Slightly early but tomorrow Bob hits 80. Legend, nearly sums him up.As he wrote, "Time is a jet plane, it moves too fast".
Ok, so I haven't kept you guys updated with my Dylan thoughts, because I kinda stopped listening after revisiting Blonde on Blonde, as I got stuck into The River Tour 2016 and got back on track with watching films. However something has happened, and is happening over the last few weeks, and I've gotta tell you about it.
I think one of the reasons I halted was because I wanted to listen to the albums in chronological order, but wanted to watch Pat Garrett and Billy the Kid before listening to Bob's soundtrack. I still haven't gotten up to that album, but I watched Peckinpah's film at the start of the month, and oh my God have I been enjoying listening to Bob over the last two or three weeks. Partly inspired by the film's soundtrack and my rekindled love for "Knockin' on Heaven's Door", I'm finding myself playing select songs and loving them instead of listening to one album after the next, and to be perfectly honest I think that's what I've wanted in all of those past attempts to try and become a 'fan'.
I adore "It's All Over Now, Baby Blue", it's now my favourite song of his (sorry "Masters of War"), but coming in hot is "Desolation Row". The latter didn't click in past plays of Highway 61, and I only ended up listening to it three times in a row after an instinctive play - because I wanted to listen to it. Again, that's what I've wanted!
Tonight, after a riveting weekend of No Nukes, I've been listening to a couple of songs from albums I haven't gotten up to yet; "Ring Them Bells" (of which I've loved the Sarah Jarosz cover since Bruce first played it on My Home to Yours #1), "Murder Most Foul", and right now "When I Paint My Masterpiece". I'm finding myself reading through his Wiki, reading small snippets of his long career, and I'm just excited. "Murder Most Foul" I did play what with it being the anniversary of JFK's assassination, and scrolling up to see that verse from "I Shall Be Free" I posted in May, and realising that was written when JFK was alive is a staggering reminder of Bob's longevity and legacy. Woah.
Got "I Shall Be Released" on as I write this paragraph. I 'forgot' he wrote this one, but it's another one I love a cover of, as Kirk Ross' rendition at the end of Captain Fantastic is, well yeah, and remembering I still have the albums of this and "Bells" to get to is adding to that excitement.
So much more to ramble on about, what's for sure is that it won't be another six months before my next Bob update.
I've said quite often in the past that I've tried with Dylan, as well as many other artists, but only to fail to connect to him/them in the same way I have with Springsteen.
Anyway, I was scrolling through YouTube on Thursday and noticed you can preview songs (on TV, not sure about on desktop) and skimmed over "Like a Rolling Stone". Strangely, that drumbeat flicked a switch in my head, and at a point where I'm enjoying finishing up my High Hopes Tour reviews, but kinda bored with listening to only Live Downloads - Archive Series releases on my walks, I decided I'd try it again:
I will listen to all of Bob Dylan's albums from start to finish.
Last year I finally watched The Sopranos, I finally watched most of those notable films that I hadn't seen, hell at some point I'm gonna try and read a bunch of notable books, but now my focus is Bob. I've told myself the goal isn't to get a replacement. I'm not looking for my next Bruce Springsteen (haha). All I want is to properly listen to his albums and songs like I probably should have done a long time ago.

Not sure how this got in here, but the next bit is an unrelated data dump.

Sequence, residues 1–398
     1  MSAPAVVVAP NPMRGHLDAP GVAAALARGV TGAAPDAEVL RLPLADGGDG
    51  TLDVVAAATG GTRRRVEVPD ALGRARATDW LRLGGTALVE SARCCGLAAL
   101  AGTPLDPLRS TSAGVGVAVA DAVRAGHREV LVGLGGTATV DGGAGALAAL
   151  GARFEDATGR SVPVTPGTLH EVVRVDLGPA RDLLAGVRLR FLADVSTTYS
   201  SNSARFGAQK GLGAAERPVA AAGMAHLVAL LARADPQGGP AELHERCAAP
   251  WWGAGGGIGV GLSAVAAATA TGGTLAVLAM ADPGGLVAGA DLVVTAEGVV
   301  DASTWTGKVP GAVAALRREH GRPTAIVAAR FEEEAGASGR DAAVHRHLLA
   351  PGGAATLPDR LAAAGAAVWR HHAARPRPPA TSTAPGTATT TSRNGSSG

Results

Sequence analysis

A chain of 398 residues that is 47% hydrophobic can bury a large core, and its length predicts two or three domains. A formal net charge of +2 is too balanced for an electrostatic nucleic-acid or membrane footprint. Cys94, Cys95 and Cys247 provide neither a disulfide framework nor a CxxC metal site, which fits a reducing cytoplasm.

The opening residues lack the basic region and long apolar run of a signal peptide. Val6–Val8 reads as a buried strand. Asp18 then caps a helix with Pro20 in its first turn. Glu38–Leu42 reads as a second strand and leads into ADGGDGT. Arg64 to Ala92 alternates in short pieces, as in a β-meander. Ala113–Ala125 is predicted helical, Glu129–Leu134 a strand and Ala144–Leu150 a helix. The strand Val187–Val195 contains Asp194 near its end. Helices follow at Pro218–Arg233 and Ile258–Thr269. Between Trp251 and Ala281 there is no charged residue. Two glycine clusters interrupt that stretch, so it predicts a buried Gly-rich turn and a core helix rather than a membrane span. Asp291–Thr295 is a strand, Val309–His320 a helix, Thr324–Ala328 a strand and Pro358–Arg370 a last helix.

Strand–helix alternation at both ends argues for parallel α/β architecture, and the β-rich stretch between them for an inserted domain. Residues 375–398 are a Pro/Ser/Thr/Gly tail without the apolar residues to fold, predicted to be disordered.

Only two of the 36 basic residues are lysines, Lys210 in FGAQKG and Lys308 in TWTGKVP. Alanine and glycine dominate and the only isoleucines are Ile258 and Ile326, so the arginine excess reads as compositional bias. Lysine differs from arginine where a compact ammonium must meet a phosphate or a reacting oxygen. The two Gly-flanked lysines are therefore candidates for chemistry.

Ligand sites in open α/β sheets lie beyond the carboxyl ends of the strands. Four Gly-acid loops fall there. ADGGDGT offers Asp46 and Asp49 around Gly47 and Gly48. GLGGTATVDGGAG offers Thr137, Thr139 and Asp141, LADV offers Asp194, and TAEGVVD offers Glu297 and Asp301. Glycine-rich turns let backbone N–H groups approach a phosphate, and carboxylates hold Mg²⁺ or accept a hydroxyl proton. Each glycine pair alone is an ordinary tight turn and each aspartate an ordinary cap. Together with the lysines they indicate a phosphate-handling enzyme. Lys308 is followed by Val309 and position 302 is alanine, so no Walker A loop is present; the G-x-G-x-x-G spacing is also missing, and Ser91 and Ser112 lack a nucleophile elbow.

As I write this I'm over halfway into Bringing It All Back Home, about to play "115th Dream" again because I had to pause it and I regret it. And up to now I have to say I've really enjoyed these listening experiences. I know I'm only repeating what thousands (millions?) have said over the last sixty years, but listening to this music chronologically is a thoroughly enjoyable journey through American History. I've tried mostly to focus on the words - yes he's certainly a poet, and he definitely didn't blow it - and it's staggering listening to songs on these first five albums knowing he hadn't even written and released certain other songs yet. "Rolling Stone" and all.
Is it wrong of me to say he actually isn't that bad of a singer either? I imagine/know his vocals are gonna get much worse, but up to now I think I've genuinely underestimated him all my life.
Oh, and I think I really need to watch Pat Garrett and Billy the Kid over the next few days too.
I'm not the biggest Dylan fan. I have a cross section of albums but am far from familiar with much of the catalogue.
Infact, it was only after recently remembering Bruce mentioned it as an inspiration for Lucky Town that I listened to Bob's "Series Of Dreams". Wow... that track really blew my mind.
His legacy certainly looms large, one of them being some of the incredible cover versions of his songs done by so many. One of my current favourites in this regard...
Bruce: "Bob Dylan is the father of my country". Bob Dylan is not only by far the most important artist in the history of rock music, his songs will be sung long after the genre itself is outdated.
Bob Dylan: 80 things you may not know about him on his 80th birthday
How can this man be 80?
Happy Birthday maestro.
He taught me English - at the age of 14 I tried to figure out the words to Positively 4th Street and Like a Rolling Stone. Nearly drove my mother mad because I played the record over and over again.
Years and years later records came with text sheets. But I always remember trying to understand Bobby's mumblings as a labour of love.
Silly me .... I could not figure out why our college radio station was playing so much Dylan yesterday .....I always worry that someone died. I enjoyed this.